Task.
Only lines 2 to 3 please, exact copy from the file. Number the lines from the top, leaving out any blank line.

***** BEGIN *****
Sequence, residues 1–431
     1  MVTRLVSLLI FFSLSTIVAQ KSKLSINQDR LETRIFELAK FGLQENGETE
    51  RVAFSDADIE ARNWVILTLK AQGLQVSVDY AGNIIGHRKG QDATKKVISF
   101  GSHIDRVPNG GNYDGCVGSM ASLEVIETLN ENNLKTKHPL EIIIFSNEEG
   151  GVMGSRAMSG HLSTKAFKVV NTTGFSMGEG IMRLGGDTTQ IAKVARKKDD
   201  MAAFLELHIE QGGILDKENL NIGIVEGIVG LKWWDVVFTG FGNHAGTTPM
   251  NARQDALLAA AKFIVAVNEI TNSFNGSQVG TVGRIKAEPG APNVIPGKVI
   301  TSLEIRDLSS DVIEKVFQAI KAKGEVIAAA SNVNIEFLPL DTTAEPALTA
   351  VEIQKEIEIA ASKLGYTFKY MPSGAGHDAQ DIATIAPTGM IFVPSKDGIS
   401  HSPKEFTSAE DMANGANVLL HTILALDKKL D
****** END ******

     1  MVTRLVSLLI FFSLSTIVAQ KSKLSINQDR LETRIFELAK FGLQENGETE
    51  RVAFSDADIE ARNWVILTLK AQGLQVSVDY AGNIIGHRKG QDATKKVISF